In the winter of 1918–19, the city was poised on the brink of its historic labour-capitalist confrontation, the General Strike of spring 1919. It was a volatile, unsettled place, ‘notorious for the aggressive self-confidence of its capitalists’ and for the social divide that...

  7. chapter three Every Citizen a Health Officer: Influenza in Winnipeg
    (pp. 40-63)

    In the dying days of October 1918, influenza had Winnipeg in its grip. There were over one thousand officially documented flu cases in the city, and it is likely that this number greatly underestimated the actual number of those ill. Nearly three hundred new cases of the disease were reported to health authorities every day, and thirteen deaths occurred on 30 October alone. As the situation evolved, people began to place blame. A local man was fined for not providing information regarding flu infection in his building to the authorities, and streetcar conductors were criticized for not limiting crowding on...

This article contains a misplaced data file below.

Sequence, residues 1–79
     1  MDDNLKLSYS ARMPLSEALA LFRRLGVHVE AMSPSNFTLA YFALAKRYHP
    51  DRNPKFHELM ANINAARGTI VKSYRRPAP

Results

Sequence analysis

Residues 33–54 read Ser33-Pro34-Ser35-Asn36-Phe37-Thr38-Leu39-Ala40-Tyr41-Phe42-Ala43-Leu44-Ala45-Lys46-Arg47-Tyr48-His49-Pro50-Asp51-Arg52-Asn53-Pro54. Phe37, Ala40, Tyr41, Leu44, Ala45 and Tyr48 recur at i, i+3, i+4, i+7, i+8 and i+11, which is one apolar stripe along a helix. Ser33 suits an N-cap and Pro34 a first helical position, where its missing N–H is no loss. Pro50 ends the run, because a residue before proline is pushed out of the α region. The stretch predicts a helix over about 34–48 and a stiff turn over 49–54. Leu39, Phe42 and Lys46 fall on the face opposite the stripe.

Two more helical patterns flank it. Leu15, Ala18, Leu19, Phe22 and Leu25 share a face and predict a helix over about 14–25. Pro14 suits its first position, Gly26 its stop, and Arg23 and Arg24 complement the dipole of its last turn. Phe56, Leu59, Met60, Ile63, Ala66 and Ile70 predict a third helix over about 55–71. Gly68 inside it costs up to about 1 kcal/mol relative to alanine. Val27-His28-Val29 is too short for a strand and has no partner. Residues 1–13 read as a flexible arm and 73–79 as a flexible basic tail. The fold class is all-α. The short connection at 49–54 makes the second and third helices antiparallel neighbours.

8. chapter four Volunteers and Victims: Women’s Relief and Social Order
    (pp. 64-88)

    As the epidemic reached its peak, meeting the need for medical and nursing care for thousands of influenza victims posed an almost impossible challenge for health authorities. Although several hundred emergency hospital beds were opened to isolate and care for the sick, the health needs of the people were often met in Winnipeg in 1918–19 much as they had been in nineteenth-century epidemics: through charity, volunteerism, and women’s caring labour. Over 650 mostly Anglo-Canadian women, few of whom had formal training in nursing, volunteered in the city’s main relief campaign. Public discourse depicted these women as models of compassion,...

  9. chapter five ‘Men Cannot Be Allowed to Starve’: Influenza and Organized Labour
    (pp. 89-116)

    In the preceding chapter, the gendered nature of volunteerism during the influenza epidemic was shown to be a channel through which social divisions of class and ethnicity were articulated in the epidemic context. This and the next chapter approach more directly the responses of working people to the epidemic, and the significance of gender and family in shaping those responses. They will reveal the role of the disease in generating conflict between working people, public health authorities, and the state. Given the many revolutionary and reformist movements emerging around the globe in this period, it is worthwhile for historians to...